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Nanotechnology Research

Research Advancing Green Manufacturing of Nanotechnology Products


The scientific community has a general perception that nanotechnology will have a significant impact on developing green and clean technologies with considerable environmental benefits. In fact, renewable energy applications may be an area where nanotechnology will make large-scale commercial breakthroughs.

One area of green nanotechnology, however, has received less scientific attention: The actual processes and environmental impacts of manufacturing nanomaterials.

For example, studies on the use of nanomaterials in microchip production show that, in some cases, the amount of fossil fuel use for developing a microchip is 400 times higher than that of producing a refrigerator and 700 times that of a car.

Researchers at the University of Illinois at Chicago have found that nanomanufacturing processes may:

  • Require extraordinary levels of purity in terms of starting materials, water, and chemicals, as well as a clean room environment
  • Require repeated processing, post-processing, or reprocessing steps
  • Require high vacuums and other specialized environments
  • Use or generate greenhouse gases
  • Use less than 1% of the starting materials in the final product

Scientific Objective:

To support sustainable production processes, the U.S. Environmental Protection Agency is working with others, including the international community through the Organization for Economic Cooperation and Development (OECD). EPA researchers are testing certain nanomaterials that are similar to commercially manufactured nanomaterials. In this effort, they are working to address the following issue of sustainability:

  • How can energy consumption be minimized and waste/pollution prevented in the manufacturing of nanomaterials and products?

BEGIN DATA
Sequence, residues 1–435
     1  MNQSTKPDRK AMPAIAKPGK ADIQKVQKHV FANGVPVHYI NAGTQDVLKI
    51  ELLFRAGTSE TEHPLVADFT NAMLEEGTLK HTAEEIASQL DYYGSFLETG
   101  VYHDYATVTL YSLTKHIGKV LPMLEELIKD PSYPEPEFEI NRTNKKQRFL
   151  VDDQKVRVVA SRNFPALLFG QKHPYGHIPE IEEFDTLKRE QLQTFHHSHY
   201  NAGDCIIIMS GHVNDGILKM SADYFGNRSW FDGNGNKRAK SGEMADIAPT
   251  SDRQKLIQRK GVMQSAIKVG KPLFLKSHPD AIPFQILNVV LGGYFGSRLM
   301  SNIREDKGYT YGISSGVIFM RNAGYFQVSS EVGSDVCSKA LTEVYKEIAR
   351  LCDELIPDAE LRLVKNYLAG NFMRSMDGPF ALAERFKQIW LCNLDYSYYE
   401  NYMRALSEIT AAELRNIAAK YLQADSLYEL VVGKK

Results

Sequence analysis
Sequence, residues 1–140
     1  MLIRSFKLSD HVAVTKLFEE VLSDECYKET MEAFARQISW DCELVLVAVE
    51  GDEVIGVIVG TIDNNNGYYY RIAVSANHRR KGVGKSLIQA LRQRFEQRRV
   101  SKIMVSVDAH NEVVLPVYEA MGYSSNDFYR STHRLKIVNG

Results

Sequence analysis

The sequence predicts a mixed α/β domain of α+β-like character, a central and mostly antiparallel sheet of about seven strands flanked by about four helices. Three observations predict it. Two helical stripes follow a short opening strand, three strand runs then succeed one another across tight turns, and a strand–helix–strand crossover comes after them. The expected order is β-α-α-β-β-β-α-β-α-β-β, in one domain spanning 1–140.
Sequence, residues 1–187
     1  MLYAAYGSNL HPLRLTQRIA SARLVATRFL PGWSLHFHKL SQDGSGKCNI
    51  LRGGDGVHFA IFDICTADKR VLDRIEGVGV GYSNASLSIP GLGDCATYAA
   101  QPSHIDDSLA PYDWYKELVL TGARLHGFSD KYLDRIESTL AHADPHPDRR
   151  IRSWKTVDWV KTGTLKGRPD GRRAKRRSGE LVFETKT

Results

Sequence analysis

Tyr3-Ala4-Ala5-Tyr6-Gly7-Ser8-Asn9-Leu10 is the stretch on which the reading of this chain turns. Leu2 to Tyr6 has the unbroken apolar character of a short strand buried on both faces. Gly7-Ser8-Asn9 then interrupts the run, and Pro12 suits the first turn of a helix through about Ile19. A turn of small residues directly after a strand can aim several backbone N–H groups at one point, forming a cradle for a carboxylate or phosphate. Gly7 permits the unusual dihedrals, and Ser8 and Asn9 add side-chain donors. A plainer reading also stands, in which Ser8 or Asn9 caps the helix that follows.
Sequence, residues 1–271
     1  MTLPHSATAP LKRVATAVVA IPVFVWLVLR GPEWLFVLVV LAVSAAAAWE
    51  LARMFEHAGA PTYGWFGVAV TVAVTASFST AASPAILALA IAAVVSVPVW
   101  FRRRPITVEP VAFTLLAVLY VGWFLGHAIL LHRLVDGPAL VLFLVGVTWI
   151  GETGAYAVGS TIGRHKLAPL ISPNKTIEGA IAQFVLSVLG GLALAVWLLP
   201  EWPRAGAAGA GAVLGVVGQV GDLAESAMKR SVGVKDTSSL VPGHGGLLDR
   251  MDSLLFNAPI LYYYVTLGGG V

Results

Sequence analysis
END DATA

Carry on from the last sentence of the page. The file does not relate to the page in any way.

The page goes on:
One promising area of research is the production of nanomaterials using benign agents from tea extract, vitamins, and even carbohydrates. Pollution prevention (e.g., green chemistry) research may also be very helpful in the development of environmentally friendly manufacturing processes for nanomaterials. The general approach will be to develop a strategy that allows the greener preparation of these nano-scale materials.

Three of the main green chemistry areas in manufacturing that will be investigated by EPA include:

  • The choice of solvent
  • The reducing agent employed
  • The capping or dispersing agent

EPA is conducting workshops with industry and academia to discuss ways to advance nanotechnology using green manufacturing processes. Information and ideas are being exchanged about what preferred manufacturing approaches are available via green chemistry. These workshops will help all participants consider how nanotechnology products can be designed in the most environmentally sustainable manner possible.

Application and Impact:

This research will be used to inform EPA, industry, and academia about potentially greener approaches for nanomanufacturing.

The results of this research will also be used as input for future life-cycle analyses. Such assessments are holistic and comprehensive and track a product from its inception (cradle) through its final disposal (grave). A well-designed assessment tool can support decisions in the development of green nanotechnologies.

The goal is to develop a decision-support framework available to stakeholders that is easy to apply and can accommodate a wide variety of nanomaterials.

EPA believes that partnerships with industrial sectors is important for ensuring that responsible development is part of nanomaterial manufacturing. Working in partnership with producers, their suppliers, and users of nanomaterials to develop best practices and standards in the workplace, throughout the supply chain, will help to ensure the responsible development of the production, use, and end of life management of nanomaterials.


Nora Savage (savage.nora@epa.gov), National Center for Environmental Research, EPA's Office of Research and Development, 703-347-8104.